Monitoring a Raspberry Pi on Status Board

12 April 2013

Panic's latest iPad app, Status Board, offers a really attractive dashboard to monitor key statistics, email, social media and other goings on. I really don't have that much use for it, but I downloaded it to play with anyway.

One thing that I thought I could monitor was the CPU load on my Raspberry Pi server that I keep running from home. It's not a production server, just a sandbox to play in, but I thought it would be the kind of thing that Status Board should be used for. Seeing that Status Board works well with StatHat, and that StatHat offer a feature-reduced free tier, I thought I would see if I could tie all of these together to get something happening.

Here's what I got to work. I'm sure there are better ways to do this and I'm sure something like Nagios would be a much better alternative, but this was what I chose to play with.

Getting stats from the Raspberry Pi

My Pi runs Arch and is a very barebones setup. It's easy to get the current CPU load average via the /proc/loadavg file. This file gives the load average for the last one, five and 15 minute window, as well as some process info. I wanted to log the one-minute average, so only needed the first four characters of this file to be dumped out. Starting a short script, the line

loadavg=`head -c 4 /proc/loadavg`

was enough to grab the current one-minute average and place it in a variable called 'loadavg'.

Sending the stats to StatHat

StatHat make it really easy to send them data to log. There are a whole stack of ways to do this programatically, but I opted to use the cURL method so I could add it to the same script. Once you have a StatHat account ready, sending the data is as easy as adding a single line to finish the script:

curl -d "stat=Pi Load&email=YOUR@EMAIL.COM&value=$loadavg" http://api.stathat.com/ez

This takes the figure that we pulled from /proc/loadavg and send it to StatHat to add to the 'Pi Load' log.

Doing this more than once

Having the commands to pull the data and send it are great and putting them in a script makes it even easier, but it's no good unless this is being done regularly and automatically. A cron job to do this every five minutes takes care of this task. I'm certainly not a cron expert, but here's what works for me. Running crontab -e will open your editor to enter the cron tasks. The syntax to do this is better explained at this site than what I could do, but, effectively, this line will run your script every five minutes and scrap any output (otherwise cron may email it to you, a great way to fill your inbox):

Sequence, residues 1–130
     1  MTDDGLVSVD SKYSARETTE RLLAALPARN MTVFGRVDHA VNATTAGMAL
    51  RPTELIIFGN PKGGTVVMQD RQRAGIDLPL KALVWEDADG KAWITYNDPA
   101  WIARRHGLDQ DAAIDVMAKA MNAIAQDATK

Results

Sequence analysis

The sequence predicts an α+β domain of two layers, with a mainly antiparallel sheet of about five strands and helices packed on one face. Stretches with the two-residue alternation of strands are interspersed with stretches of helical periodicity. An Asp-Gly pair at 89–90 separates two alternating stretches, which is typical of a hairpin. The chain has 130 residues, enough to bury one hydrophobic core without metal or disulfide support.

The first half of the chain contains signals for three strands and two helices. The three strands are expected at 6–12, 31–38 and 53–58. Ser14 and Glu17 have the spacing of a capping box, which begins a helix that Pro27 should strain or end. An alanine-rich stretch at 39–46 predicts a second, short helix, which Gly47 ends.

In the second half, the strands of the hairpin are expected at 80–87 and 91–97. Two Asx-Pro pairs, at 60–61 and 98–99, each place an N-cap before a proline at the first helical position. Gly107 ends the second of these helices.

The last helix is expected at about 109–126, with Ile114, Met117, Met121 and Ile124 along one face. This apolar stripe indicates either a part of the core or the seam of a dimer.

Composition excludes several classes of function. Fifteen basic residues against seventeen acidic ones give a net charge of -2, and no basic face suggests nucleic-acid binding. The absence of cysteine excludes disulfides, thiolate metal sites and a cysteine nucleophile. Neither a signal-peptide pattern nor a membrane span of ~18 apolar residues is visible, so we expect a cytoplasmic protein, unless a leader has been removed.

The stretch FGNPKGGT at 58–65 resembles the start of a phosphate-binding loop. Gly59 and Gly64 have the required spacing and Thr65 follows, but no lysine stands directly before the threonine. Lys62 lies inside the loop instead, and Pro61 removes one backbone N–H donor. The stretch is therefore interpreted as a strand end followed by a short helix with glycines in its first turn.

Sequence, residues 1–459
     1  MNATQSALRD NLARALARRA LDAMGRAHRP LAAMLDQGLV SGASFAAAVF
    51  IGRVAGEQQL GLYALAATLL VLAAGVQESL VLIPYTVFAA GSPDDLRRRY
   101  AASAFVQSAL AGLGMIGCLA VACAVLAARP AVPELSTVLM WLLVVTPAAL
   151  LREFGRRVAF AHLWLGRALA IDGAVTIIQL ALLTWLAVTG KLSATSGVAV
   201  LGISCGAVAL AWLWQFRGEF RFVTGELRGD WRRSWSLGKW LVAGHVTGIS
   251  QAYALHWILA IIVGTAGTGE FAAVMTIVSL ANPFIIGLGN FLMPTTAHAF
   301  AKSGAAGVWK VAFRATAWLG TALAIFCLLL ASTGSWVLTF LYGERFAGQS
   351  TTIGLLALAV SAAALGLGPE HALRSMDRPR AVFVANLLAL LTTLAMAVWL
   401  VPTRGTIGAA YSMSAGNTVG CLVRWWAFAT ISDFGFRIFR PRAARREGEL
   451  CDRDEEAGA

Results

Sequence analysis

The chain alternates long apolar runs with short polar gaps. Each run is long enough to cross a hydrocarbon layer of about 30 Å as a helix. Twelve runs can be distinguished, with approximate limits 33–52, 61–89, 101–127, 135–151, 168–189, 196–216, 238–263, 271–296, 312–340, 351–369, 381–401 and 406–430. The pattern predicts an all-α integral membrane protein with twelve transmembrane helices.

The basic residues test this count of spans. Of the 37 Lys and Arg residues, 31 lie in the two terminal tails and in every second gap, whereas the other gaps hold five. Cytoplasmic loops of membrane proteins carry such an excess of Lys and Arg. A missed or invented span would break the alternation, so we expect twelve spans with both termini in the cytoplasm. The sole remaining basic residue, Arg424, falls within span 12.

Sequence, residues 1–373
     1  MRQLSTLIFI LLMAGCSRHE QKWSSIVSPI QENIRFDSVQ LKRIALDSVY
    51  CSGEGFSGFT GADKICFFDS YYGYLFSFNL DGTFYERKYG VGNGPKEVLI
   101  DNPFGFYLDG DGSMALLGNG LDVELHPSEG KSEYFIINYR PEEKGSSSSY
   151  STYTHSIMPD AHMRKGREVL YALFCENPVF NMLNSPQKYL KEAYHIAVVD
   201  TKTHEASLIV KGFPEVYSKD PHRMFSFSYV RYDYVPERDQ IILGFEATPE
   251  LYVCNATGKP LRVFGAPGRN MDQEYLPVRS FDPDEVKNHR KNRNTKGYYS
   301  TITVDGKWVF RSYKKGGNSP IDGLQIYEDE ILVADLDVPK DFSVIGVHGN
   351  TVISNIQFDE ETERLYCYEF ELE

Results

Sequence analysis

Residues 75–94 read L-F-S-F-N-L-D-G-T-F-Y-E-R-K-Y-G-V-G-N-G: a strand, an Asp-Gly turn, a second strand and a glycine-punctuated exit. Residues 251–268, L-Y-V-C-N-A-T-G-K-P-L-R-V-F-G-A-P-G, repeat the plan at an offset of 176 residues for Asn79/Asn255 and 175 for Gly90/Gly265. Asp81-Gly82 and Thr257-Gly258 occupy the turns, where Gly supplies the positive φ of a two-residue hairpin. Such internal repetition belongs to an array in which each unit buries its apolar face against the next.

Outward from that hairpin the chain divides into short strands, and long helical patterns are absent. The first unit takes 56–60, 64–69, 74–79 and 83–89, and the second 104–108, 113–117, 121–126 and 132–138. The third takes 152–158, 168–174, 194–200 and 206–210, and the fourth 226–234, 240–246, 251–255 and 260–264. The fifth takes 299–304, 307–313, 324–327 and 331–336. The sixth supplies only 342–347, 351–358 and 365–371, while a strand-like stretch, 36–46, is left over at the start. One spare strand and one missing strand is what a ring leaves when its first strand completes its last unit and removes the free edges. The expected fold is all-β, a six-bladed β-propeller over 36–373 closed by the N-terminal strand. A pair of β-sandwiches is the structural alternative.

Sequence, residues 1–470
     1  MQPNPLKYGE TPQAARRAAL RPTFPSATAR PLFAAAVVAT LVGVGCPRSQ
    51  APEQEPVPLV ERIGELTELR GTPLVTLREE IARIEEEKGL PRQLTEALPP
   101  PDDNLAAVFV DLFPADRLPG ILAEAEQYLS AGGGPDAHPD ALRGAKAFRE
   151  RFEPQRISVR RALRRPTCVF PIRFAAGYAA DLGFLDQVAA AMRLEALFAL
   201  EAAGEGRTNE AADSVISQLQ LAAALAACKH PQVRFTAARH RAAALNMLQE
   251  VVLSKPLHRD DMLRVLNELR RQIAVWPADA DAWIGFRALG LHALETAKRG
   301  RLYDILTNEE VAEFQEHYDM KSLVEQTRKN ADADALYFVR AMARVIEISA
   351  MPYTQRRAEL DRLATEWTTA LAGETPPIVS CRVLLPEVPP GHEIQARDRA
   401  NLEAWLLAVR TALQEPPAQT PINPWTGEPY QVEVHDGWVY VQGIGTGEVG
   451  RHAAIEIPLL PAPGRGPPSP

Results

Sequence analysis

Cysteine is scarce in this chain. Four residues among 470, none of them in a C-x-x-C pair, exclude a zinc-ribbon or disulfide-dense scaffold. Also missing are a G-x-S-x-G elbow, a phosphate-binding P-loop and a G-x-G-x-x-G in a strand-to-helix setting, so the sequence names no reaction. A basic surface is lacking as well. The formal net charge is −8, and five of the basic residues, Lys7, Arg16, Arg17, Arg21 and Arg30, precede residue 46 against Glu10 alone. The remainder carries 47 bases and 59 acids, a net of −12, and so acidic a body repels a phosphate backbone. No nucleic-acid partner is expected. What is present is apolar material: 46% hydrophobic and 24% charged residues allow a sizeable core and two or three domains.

*/5 * * * * ~/path/to/your/script.sh > /dev/null 2>&1

The script I run is literally just the two lines that I mentioned above, here's the whole thing:

#! /bin/zsh
loadavg=`head -c 4 /proc/loadavg`
curl -d "stat=Pi Load&email=YOUR@EMAIL.COM&value=$loadavg" http://api.stathat.com/ez

Displaying the log on Status Board

StatHat is one of the two services that are already integrating with Status Board. This makes it super easy to drop the log into Status Board and have it come out as a nice graph. Just visit the log on the StatHat site, choose the timeframe you want to plot and look for the 'Status Board Graph URL' button at the bottom of the page. This can email the URL to your iPad. Once there, copy the URL, open Status Board and add a new graph, pasting in the URL you received.

That's about it

With the graph added, you're all done - the cron job will pull the load data every five minutes and send it to StatHat, where it will be pulled from Status Board to display. It may look something like this:

Pi Load on Status Board

I quite like StatHat - they offer a really good site and adding data is dead easy. Unfortunately, their one price point of US$99/month means that it won't be worth me signing up to unlock all the features of the site and will remain on their free plan, limited to ten stats (probably enough) with no automatic alerts or small-interval tracking (a bit disappointing). Hopefully, more services will be integrating with Status Board soon and the options will open up a bit.